The 65-year-old mathematics teacher already had five students cowering inside her room, and she knew that opening her door was breaking protocol. “But I just got such a deep feeling I was needed,” she said.
As she peered out into the hallway she saw fifteen students searching desperately for a place to hide and quietly ushered them inside. As she closed the door for the second time, she looked all of them in the eye and gave a short speech she still finds difficult to retell: “I’m telling you from the bottom of my heart, a shooter has to go through me before they get you.”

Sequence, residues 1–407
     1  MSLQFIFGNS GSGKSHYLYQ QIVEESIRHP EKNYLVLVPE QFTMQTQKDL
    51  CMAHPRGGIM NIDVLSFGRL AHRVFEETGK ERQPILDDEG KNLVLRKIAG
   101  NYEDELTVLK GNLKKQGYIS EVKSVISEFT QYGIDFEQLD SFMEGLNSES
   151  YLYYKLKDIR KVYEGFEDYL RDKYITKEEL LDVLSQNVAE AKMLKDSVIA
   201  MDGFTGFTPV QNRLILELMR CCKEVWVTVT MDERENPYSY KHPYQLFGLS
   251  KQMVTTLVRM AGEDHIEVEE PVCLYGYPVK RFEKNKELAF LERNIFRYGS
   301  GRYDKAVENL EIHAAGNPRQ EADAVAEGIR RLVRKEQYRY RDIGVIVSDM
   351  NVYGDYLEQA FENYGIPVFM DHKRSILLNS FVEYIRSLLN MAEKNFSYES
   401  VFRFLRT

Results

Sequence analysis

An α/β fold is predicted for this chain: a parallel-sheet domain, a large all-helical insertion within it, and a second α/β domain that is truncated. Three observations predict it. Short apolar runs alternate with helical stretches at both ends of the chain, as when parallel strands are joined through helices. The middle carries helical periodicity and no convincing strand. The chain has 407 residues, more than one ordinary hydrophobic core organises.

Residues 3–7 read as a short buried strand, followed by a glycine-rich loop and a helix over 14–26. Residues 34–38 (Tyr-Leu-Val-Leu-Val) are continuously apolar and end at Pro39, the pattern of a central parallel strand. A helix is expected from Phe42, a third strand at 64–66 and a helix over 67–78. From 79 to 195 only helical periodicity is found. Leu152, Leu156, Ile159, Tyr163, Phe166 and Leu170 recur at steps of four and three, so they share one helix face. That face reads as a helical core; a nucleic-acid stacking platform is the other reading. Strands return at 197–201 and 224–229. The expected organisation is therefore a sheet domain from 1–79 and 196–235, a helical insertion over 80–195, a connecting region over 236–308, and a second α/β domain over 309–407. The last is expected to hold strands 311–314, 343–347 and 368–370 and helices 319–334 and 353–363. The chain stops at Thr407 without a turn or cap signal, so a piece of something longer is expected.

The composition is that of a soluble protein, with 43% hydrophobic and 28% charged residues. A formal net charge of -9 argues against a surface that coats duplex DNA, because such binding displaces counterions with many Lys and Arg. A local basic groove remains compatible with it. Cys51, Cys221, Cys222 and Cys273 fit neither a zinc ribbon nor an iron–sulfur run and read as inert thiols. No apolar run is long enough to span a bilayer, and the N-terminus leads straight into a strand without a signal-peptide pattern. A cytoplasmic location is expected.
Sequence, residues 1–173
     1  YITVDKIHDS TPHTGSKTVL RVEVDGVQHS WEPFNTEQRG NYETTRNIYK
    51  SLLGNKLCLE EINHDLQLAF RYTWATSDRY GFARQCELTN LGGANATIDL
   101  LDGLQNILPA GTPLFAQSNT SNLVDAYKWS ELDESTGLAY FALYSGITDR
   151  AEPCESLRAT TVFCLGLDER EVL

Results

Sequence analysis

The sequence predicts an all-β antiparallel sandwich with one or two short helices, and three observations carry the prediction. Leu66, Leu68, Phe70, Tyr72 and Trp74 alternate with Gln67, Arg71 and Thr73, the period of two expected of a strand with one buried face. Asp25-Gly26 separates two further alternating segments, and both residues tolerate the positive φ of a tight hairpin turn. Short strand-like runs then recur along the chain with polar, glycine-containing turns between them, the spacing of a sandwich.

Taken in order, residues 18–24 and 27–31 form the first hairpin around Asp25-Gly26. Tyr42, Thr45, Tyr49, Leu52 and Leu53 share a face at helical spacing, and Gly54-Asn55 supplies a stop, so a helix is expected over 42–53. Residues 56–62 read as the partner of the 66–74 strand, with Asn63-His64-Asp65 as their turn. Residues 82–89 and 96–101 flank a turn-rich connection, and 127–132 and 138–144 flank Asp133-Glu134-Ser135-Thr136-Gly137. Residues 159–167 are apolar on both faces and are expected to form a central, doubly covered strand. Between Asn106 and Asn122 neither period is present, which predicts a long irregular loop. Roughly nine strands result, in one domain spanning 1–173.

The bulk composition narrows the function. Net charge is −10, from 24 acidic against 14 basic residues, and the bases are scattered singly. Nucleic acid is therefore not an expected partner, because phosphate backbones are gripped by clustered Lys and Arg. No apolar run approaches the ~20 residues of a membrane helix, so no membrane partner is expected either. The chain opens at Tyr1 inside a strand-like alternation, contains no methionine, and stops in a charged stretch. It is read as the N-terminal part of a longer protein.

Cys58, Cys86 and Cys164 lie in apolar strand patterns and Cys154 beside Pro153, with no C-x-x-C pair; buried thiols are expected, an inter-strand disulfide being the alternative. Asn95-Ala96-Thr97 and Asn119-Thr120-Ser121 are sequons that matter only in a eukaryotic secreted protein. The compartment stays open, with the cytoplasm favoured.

The active shooter protocol in American schools calls for a teacher to lock the classroom door when an incident begins, keep it locked and hide students until law enforcement arrives. But at Marjory Stoneman Douglas high school on February 14, many students were in the hallways when the shooting started. Teachers had to make unthinkable decisions about protecting students: Keep the door locked leaving students outside to fend for themselves, or open the door to let students in, possibly risking the lives of those inside?